6 Tips for Getting Press

Need exposure? Follow these 6 tips to win press coverage for your growing business.
Magazine Contributor
3 min read

This story appears in the February 2005 issue of Entrepreneur. Subscribe »

So you want to land your business message on the pages of The Wall Street Journal or Vogue. Sound impossible? Not really. You can hire an experienced publicist or PR firm with established media contacts, or you can go it alone and still achieve media-relations success--just so long as you follow some basic rules. Here are six practical tips for getting media coverage:

1. Set clear goals. Who do you want to reach, and what do you want them to remember about you? Ideally, your media-relations program should help your company achieve better penetration of its core message. Rather than a one-shot attempt at coverage, make communicating a central message or idea to your target audience a long-term goal. Focus on reaching your best prospects and customers, and use your media-relations program to repeatedly drive your message home.

2. Create a plan. A written plan is essential to keeping your program on track. It doesn't have to be elaborate. Briefly outline your goals, media-relations themes, the tactics you plan to use, a schedule of activities and a rough budget. Take, for example, the owner of a home-improvement company who has a $400 budget. If his goal is to be known as a resource for upscale contemporary remodels, he might plan to send press kits with photographs of completed projects four times per year to editors at select magazines and producers of cable TV remodeling shows, and then follow up by phone.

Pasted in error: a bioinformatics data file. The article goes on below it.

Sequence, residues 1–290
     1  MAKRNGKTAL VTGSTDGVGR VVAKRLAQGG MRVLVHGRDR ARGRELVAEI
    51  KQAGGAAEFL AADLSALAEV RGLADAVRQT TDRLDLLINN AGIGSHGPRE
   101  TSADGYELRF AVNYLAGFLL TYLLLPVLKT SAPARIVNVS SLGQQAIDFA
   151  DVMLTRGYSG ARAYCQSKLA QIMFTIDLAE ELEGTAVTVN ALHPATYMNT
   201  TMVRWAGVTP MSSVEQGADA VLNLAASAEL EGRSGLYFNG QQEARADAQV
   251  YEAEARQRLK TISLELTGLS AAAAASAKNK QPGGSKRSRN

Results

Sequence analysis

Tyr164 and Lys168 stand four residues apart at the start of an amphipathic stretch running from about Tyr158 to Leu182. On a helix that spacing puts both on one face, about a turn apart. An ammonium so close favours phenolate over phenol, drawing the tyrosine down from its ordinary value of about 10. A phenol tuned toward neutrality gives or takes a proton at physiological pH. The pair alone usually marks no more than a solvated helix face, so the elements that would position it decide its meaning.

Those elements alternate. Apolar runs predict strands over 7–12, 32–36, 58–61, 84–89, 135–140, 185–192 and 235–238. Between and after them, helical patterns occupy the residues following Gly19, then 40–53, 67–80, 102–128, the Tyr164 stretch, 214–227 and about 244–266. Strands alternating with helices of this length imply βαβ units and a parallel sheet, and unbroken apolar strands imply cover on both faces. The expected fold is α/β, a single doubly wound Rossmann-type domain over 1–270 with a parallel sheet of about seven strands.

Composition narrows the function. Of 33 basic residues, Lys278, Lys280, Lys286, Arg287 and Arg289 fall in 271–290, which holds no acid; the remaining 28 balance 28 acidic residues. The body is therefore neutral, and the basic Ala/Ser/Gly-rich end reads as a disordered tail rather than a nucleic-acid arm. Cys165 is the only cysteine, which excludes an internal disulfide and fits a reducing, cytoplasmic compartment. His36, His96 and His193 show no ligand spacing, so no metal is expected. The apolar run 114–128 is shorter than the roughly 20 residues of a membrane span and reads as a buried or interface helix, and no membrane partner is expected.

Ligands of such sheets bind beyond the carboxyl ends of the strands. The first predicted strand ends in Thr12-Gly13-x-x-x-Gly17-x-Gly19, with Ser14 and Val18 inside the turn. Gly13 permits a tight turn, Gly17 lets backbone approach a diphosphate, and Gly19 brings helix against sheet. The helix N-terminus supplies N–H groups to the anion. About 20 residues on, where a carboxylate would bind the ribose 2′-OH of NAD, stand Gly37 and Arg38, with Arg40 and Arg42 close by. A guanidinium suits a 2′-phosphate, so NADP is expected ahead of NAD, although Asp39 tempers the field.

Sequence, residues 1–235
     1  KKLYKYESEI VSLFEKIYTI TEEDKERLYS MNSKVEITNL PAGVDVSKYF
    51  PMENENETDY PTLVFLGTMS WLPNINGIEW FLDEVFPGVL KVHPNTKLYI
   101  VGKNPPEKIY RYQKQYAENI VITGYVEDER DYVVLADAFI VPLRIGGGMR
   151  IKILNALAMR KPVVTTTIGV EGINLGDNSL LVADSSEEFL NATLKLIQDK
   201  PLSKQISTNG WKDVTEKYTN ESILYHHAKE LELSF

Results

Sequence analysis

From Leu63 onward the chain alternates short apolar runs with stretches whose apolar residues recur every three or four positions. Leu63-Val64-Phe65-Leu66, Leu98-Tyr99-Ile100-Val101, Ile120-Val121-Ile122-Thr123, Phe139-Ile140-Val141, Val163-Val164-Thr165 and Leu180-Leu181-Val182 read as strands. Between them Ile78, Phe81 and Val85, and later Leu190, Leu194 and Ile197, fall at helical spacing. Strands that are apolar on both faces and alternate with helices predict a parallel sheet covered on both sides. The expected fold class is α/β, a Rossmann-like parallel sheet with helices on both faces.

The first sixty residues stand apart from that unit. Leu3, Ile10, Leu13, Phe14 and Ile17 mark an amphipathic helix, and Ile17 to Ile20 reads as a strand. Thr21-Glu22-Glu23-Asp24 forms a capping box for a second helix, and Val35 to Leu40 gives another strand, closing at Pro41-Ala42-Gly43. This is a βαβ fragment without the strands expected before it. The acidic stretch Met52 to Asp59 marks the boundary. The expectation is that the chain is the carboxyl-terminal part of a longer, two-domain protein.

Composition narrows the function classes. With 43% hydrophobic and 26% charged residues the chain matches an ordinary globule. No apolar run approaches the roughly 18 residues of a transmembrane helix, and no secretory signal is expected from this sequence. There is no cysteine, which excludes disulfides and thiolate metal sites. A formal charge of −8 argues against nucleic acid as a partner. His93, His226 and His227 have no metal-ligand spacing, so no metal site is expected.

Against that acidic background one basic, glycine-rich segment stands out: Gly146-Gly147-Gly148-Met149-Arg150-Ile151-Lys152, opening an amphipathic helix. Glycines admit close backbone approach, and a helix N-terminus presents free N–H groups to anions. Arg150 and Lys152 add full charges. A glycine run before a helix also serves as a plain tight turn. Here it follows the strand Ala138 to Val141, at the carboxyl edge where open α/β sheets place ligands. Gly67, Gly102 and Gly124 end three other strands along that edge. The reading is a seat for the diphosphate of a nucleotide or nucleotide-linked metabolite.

3. Lay the right foundation. Effective media-relations programs don't exist in a vacuum. They need support. Add a section to your website that's devoted exclusively to the needs of the press, with information about your company, its executives and products, as well as a contact page. Also, prepare your staff by keeping them up-to-date on your media-relations plans and messages, and designate individuals who may speak directly with the press.

4. Shape your story. One of the most critical components of a successful media-relations program is providing content that fits the needs of specific media outlets. Journalists and newsrooms are bombarded with hundreds, if not thousands, of press releases and phone calls each day. And they're looking for news and information of interest to their unique readers, viewers or listeners. For best results, become familiar with the media you plan to target. Figure out what they want most, and tailor your story accordingly.

5. Make it easy to cover you. From print journalists to radio and TV news directors, everyone in the media is pressed for time. And much of what they use comes from press releases announcing new studies or statistics, video news releases, radio tours, or even photos supplied by businesses or their PR firms. Winning coverage often depends on going beyond a basic release. For example, you can provide a page of tips that journalists can quote from or use as a springboard for interviews with you. You can supply product photographs to magazines, win high-tech reviews by e-mailing links to an online demo, or position yourself as an expert in your field by scheduling a radio tour on a newsworthy topic.

6. Build relationships. Sometimes "blasting" a press release to thousands of media outlets is called for. But for most entrepreneurs, media-relations success depends on one-on-one interaction--selecting key media, becoming familiar with their needs, providing materials and then following up by phone or e-mail. You can assemble your own list of local media that cover your type of story or, for larger lists, you can find help in media directories such as Bacon's Media-Sourceand Gebbie Press, where you'll find a free, searchable database of media links.

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